With all we have to do during the holiday season, it's no wonder many people get stressed out. Add all the activities your tween is likely to be taking part in, and before you know it, every block on the December calendar is booked well before the holiday season arrives. Staying organized is the key to enjoying your holiday and you can have an organized Christmas season, if you allow your tween and other family members to help you out. Here's how.
1. Expect the Unexpected
Tweens will likely hit you with serious questions just when you're in the middle of something big. Don't be surprised if your preteen takes the Christmas season as an opening to ask you questions about religion, or even if Santa exists. Be prepared for the questions your child might present to you, such as why you celebrate Christmas and not Hanukkah, if Santa is a real person, why some people have nothing to open on Christmas morning, etc. Knowing what you'll say ahead of time will help you turn the conversation into a bonding experience, and a learning experience for your tween.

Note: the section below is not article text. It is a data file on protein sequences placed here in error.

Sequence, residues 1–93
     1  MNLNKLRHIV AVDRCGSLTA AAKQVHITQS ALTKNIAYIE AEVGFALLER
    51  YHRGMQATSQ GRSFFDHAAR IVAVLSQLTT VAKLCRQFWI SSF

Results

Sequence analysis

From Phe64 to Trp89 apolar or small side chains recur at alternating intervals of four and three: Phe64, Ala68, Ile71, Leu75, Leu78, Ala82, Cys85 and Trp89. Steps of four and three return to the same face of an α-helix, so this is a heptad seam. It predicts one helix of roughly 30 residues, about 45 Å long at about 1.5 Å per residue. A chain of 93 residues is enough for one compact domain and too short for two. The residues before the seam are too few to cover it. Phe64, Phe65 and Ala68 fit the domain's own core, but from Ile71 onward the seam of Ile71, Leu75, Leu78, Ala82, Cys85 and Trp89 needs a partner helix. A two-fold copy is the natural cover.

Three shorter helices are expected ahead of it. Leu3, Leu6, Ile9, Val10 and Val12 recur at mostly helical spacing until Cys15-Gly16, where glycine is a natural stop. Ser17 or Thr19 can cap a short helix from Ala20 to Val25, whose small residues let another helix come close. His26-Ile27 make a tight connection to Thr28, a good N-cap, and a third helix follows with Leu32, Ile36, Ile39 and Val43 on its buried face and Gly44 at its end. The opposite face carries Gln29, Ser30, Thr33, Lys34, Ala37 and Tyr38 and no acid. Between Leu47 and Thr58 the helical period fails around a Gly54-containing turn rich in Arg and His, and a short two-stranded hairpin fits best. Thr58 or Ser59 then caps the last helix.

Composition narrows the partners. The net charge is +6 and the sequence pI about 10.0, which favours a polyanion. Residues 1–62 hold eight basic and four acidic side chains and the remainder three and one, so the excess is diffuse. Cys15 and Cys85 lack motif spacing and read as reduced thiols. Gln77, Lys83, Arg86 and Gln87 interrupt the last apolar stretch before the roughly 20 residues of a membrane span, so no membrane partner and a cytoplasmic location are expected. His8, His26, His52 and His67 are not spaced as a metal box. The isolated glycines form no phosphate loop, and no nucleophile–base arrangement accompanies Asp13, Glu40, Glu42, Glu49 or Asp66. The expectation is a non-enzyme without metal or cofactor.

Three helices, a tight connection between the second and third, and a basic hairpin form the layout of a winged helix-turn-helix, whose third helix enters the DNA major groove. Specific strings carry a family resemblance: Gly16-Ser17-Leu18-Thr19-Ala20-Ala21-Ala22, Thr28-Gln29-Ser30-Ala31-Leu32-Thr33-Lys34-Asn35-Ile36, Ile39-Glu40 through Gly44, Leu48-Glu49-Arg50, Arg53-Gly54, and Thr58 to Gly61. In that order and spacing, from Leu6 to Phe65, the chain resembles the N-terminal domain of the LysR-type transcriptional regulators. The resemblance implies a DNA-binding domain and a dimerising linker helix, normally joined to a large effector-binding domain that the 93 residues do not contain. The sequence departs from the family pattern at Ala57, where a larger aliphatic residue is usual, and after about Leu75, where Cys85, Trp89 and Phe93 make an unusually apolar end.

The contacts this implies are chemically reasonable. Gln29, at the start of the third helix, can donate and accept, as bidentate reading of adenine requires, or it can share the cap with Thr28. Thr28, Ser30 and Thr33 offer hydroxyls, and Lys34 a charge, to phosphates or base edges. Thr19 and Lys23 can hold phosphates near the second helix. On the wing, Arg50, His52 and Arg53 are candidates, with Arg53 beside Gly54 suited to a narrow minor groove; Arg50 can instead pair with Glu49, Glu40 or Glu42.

finding stocking stuffers for tweens, think novelty. Tweens love little gadgets they can hang on their backpacks or keep in their purse or pocket. For girls, sample-size lotions and lip gloss are always welcome gifts. A deck of cards, or a Slinky are fun gifts for boys. Make a list before you shop to stay organized. Christmas bargains can be had if you're willing to brave crowds, or opt for deals online.
to help with some of the preparations for Christmas. Enlist your child's help when it comes time to make gifts, wrap them or prepare a family holiday meal.
The sooner you make a gift list the better off you'll be. To keep your Christmas organized and enjoyable, try to finish gift buying before the crowds take over the malls. Finding gifts for your tween should be fairly easy. If your child doesn't provide you with a list of must-haves, consider hand-held electronic devices, a good book or two, a board game, and maybe a decoration or two for her bedroom.
items for your Christmas Goody Bags, and then stuffing them. By sharing responsibilities you teach your child how to plan and execute an idea, and you help yourself stay organized. Christmas shouldn't be a source of stress to you, so if you think you've taken on too much, see if you can scale back a bit.